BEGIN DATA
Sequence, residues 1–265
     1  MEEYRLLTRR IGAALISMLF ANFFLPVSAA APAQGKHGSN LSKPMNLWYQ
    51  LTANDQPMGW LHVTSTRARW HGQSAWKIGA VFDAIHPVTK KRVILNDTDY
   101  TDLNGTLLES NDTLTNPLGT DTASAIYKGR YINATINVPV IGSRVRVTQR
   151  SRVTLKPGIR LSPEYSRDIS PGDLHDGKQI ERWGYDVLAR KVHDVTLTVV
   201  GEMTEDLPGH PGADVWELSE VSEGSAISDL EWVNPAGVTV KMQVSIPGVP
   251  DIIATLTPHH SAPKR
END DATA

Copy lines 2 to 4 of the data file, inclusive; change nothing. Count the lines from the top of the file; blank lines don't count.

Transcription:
     1  MEEYRLLTRR IGAALISMLF ANFFLPVSAA APAQGKHGSN LSKPMNLWYQ
    51  LTANDQPMGW LHVTSTRARW HGQSAWKIGA VFDAIHPVTK KRVILNDTDY
   101  TDLNGTLLES NDTLTNPLGT DTASAIYKGR YINATINVPV IGSRVRVTQR